Indigenous Australians will be significantly disadvantaged by the government's scheduled cuts to JobKeeper and JobSeeker payments according to new research, with around 650,000 more people expected to be pushed into poverty when the benefits are scaled back to pre-pandemic rates.
The federal government’s plan to reduce the coronavirus supplement on 25 September is being debated in parliament this week, as it is expected to decrease the incomes of up to 2.3 million unemployed people, single parents, and students across Australia.
The announcement comes after Australian National University research revealed one in 10 Australians would have fallen into poverty without the implementation of JobKeeper and increased Jobseeker payments.
The research highlighted that the number of Australians in poverty had decreased from 1.6 million to 1.1. million, with 67 per cent of households reliant on JobSeeker payments benefiting from an increased standard of living above the poverty line.
Before the COVID19 pandemic hit, Indigenous Australians were found to be between two and three times worse off than the broader populace, and 30 per cent of Indigenous households were in income poverty.
Chair of SNAICC and CEO of the Victorian Aboriginal Child Care Agency, Muriel Bamblett, said the impact of the JobKeeper and JobSeeker payments has been vastly positive, but the onset of COVID-19 highlighted the number of Aboriginal people who don’t actually believe they have a right to access welfare benefits.
“The special needs of Indigenous people need attention from the Commonwealth so that we can evaluate how we can get people out of the poverty cycle and into jobs,” Ms Bamblett told NITV News on Wednesday.
The research paper estimates that the September cuts to the payment rates will cause the number of individuals in poverty to increase by 740,000 in comparison to the June policy. The data is compounded by the fact that Victoria’s 47,787 Indigenous residents (according to the 2019 census data) remain in stage 4 lockdown with the rest of the state.
Ms Bamblett said the government should look carefully at the Kinaway COVID-19 Impact report which revealed that 22 per cent of Victorian Aboriginal businesses ceased operating during the pandemic, with that number set to rise to 67 per cent in the wake of the economic fallout from coronavirus lockdowns.
“A lot of work needs to be done, it will require monitoring non-Indigenous organisations on what they’re doing to employ Aboriginal people. Mainstream needs to be held to account, not just for welfare outcomes but for prosperity and creating jobs” Ms Bamblett told NITV News.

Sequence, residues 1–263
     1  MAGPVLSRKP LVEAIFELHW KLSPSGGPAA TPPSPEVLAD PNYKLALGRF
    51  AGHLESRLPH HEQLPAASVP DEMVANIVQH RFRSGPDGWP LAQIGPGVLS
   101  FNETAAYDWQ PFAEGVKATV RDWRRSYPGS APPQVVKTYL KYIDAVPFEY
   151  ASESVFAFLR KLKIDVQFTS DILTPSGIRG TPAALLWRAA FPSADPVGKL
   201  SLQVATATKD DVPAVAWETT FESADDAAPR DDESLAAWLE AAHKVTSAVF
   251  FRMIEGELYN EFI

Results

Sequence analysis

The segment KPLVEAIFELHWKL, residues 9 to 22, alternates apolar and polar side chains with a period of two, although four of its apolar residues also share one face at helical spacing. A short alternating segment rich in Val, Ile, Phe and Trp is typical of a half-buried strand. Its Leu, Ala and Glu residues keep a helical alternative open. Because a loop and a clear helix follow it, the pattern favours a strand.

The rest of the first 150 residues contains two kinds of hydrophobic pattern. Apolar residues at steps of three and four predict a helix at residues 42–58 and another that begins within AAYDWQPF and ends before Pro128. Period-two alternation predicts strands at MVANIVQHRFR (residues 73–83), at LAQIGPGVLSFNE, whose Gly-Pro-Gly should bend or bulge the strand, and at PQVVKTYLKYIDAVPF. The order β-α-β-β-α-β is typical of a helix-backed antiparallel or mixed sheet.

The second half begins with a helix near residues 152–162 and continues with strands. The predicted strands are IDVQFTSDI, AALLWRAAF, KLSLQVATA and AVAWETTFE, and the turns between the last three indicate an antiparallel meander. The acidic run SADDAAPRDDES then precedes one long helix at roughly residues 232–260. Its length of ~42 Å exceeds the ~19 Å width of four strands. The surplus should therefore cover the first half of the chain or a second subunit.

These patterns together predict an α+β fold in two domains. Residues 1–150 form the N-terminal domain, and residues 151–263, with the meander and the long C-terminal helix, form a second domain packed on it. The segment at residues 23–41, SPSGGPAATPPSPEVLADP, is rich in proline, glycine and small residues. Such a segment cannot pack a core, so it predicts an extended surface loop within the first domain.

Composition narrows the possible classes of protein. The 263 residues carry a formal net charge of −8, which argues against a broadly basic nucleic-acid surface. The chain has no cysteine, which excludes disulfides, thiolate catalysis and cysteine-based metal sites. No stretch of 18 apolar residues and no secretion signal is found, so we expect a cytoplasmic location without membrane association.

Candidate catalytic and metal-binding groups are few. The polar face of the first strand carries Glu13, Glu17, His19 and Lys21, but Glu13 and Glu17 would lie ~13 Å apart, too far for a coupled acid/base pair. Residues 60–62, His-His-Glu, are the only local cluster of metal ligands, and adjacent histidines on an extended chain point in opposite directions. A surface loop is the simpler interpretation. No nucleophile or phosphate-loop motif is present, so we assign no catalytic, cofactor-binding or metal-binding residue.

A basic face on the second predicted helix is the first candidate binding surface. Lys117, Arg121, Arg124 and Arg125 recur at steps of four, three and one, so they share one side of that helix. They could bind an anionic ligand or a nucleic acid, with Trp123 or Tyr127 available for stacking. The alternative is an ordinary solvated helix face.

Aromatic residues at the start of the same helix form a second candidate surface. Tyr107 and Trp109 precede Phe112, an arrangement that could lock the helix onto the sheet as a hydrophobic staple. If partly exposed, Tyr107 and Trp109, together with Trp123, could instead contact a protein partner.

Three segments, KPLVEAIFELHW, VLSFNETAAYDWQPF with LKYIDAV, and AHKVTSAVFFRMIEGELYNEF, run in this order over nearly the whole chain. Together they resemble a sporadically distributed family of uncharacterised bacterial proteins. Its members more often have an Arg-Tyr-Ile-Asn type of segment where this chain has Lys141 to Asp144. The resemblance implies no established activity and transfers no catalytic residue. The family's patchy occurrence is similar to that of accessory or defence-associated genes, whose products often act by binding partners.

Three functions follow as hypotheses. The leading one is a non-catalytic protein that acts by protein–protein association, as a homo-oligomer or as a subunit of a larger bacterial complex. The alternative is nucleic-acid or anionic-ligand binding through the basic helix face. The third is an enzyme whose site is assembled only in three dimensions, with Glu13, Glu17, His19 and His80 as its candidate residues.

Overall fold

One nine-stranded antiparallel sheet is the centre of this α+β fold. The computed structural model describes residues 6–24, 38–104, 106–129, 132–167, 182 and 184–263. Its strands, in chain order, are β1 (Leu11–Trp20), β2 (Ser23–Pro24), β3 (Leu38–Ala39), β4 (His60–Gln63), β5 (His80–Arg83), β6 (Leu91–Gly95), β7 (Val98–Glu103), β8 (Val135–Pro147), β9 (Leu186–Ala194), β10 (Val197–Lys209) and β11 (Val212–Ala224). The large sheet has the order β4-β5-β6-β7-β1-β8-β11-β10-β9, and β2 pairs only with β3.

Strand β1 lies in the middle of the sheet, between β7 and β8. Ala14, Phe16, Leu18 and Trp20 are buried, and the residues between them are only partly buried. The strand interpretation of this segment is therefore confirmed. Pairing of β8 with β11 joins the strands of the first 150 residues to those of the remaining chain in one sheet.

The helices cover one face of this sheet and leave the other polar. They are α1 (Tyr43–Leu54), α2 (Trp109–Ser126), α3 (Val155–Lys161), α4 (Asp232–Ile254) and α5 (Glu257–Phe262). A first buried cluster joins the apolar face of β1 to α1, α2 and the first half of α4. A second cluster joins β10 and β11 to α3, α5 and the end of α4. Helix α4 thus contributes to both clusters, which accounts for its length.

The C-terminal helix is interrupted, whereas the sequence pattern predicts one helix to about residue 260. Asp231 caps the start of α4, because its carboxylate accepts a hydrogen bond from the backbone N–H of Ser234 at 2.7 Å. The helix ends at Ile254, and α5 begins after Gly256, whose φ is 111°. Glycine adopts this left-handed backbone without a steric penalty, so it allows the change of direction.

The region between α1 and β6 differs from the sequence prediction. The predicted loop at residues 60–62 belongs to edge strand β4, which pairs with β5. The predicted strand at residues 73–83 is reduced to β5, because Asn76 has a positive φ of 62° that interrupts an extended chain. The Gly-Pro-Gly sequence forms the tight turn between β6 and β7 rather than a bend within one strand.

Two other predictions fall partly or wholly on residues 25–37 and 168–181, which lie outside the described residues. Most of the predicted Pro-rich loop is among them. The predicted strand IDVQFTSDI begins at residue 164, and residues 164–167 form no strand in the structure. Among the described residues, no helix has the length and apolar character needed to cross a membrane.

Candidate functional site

Elsewhere, a representative from the National Aboriginal and Torres Strait Islander Legal Service said it was disappointed the government intended to scale back these critical payments during an ongoing pandemic.
"This is a step backward in alleviating the poverty many of our people experience, which traps them in the justice system," said the spokesperson.
Mission Australia CEO James Toomey said that the implementation of the Jobseeker, which doubled income support for people facing unemployment, had made a real difference to the lives of many Australians.
“We are incredibly disappointed the federal government hasn’t yet locked in a permanent floor to income support that keeps people out of poverty," Mr Toomey said in a written statement.
"We welcome the extension of support that will provide some certainty past September for people and businesses in these precarious times."
Mr Toomey said with the numbers of people who are unemployed predicted to continue to rise, there must be a commitment in the October budget for a permanent and adequate increase of income support payments.
“This will not only lift people out of poverty but also ensure they can regain control of their finances, access transport, and many other vital resources to look for work and be job-ready.”
Currently, singles without children receive $1,115 a fortnight on JobSeeker, but that is set to be slashed to $815 a fortnight later this month. JobSeeker payments are marginally higher for singles with dependents and slightly lower for couples who are both on JobSeeker.
All payments are scheduled to drop by a further $250 from January 1 when a coronavirus supplement is halted by the Commonwealth.
The JobKeeper wage subsidy is also set to be scaled down. The payment will continue until March next year but will fall from $1,500 to $1,200 a fortnight after September. People working fewer than 20 hours a week will receive $750.
960,000 employers, who pass the full JobKeeper payment onto 3.5 million workers, will be expected to prove their ongoing financial distress by confirming their losses are at least 30 percent on pre-pandemic levels each quarter, to remain eligible for the program after September.
Mr Toomey said the benefit should not be decreased to the $40-a-day level at the end of the year.
"This would return too many people to poverty and push many into homelessness. It will leave thousands in across Australia unable to meet their basic needs, even before COVID-19, 253 requests for homelessness assistance were unable to be met on any given day across our country,” he said.
More than 5 million Australians currently receive payments from the JobKeeper and JobSeeker programs.